So again, before you pass judgment on rescues that say “No” to certain poms, please consider their reasons.  If you’d like them to be able to say “Yes” more often, consider becoming a foster home or donating to their medical fund.  We have one donor that setup automatic PayPal donations for $5.00 every month.  You may not think that is much, but her donation covers the cost of a little one receiving HeartWorm and Flea Prevention meds every month!

If you would like to set up a recurring donation, or a one time gift, please click here!

This actually gave me chest pains my heart hurt so bad!

Donations Needed!

Yikes! Here’s today’s vet bill! I’m afraid we are going to have to curtail our rescue activities until we can pay this off. We still have 2 more dogs from the Madison Heights 9 to get neutered and have a dental.

Check out our shop on our Facebook page for Pomeranian and Rescue themed jewelry! All proceeds go to support our rescues.

You can also donate via Paypal.me/pomeranian or Venmo (Click Here)

Every $1.00 is appreciated!!

Our vet is Hilliard Road Veterinary Hospital, 3008 Hilliard Rd, Richmond, VA 23228 if you would rather make donations directly to them on our behalf.  They will also take credit cards over the phone.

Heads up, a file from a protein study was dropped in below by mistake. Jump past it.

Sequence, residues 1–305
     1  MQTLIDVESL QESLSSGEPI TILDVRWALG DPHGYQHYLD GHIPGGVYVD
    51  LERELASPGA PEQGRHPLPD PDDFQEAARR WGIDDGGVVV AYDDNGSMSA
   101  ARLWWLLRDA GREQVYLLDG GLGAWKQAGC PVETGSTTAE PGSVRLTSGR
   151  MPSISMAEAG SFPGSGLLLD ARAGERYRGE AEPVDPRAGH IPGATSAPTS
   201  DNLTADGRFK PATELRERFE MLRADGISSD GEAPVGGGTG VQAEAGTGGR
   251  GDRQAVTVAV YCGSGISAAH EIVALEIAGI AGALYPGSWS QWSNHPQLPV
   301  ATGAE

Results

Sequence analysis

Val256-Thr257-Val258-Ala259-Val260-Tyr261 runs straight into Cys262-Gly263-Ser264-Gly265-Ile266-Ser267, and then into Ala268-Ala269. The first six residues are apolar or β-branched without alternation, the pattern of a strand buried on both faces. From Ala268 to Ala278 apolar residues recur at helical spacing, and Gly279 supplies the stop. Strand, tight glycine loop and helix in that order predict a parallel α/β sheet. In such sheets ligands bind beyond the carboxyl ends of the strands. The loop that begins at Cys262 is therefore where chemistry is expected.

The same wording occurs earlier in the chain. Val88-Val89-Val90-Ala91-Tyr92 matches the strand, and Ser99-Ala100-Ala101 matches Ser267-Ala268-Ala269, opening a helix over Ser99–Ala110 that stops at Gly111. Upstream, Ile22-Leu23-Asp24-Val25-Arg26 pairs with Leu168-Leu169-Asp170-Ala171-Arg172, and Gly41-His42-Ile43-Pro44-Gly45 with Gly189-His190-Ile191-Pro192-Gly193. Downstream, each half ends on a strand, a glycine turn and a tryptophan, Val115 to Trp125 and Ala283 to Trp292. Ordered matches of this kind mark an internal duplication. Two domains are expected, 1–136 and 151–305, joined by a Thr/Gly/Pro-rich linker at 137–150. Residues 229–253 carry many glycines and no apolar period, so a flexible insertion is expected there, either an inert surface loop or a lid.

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Use your phones camera to scan the QR code to make a donation!!


Fostering – An Essay from a Foster Mom

s4002nsopopbwyr4I’ll be the first to admit that fostering is hard. In my experience, the first is super hard because you’re just figuring out how to love another being, but still let them go. That was Frisco, now Cody. Then I had Mickey. He was a little fussy and dad babysat most of the time i had him so it was easier.

Then came Ashton. Ashton was my potato. I loved that little guy with all of me. He needed me and I gave him all of me. It was one if the hardest things I’ve ever done.

Wade and Johnny came next. They were a different sort, I knew they would be adopted quickly so I was able to stay detached, but still care for them.

Jasper… He is quirky and a pain, in the best way. I missed him when I came home and didn’t see his head pop up in the window, but he was young and energetic and I have no doubt he will be cared for.

Now… Bandit and Rascal. I love them. I am connected to them and I think they love me, based on their wiggly butts when I come home. I am in love with Bandit and Rascal and if I didn’t have a rescue minded heart, I would keep them.

If I did that though, my heart and house would be above capacity. I wouldn’t be able to help anyone else.

The most important thing when fostering is knowing what is really best for them.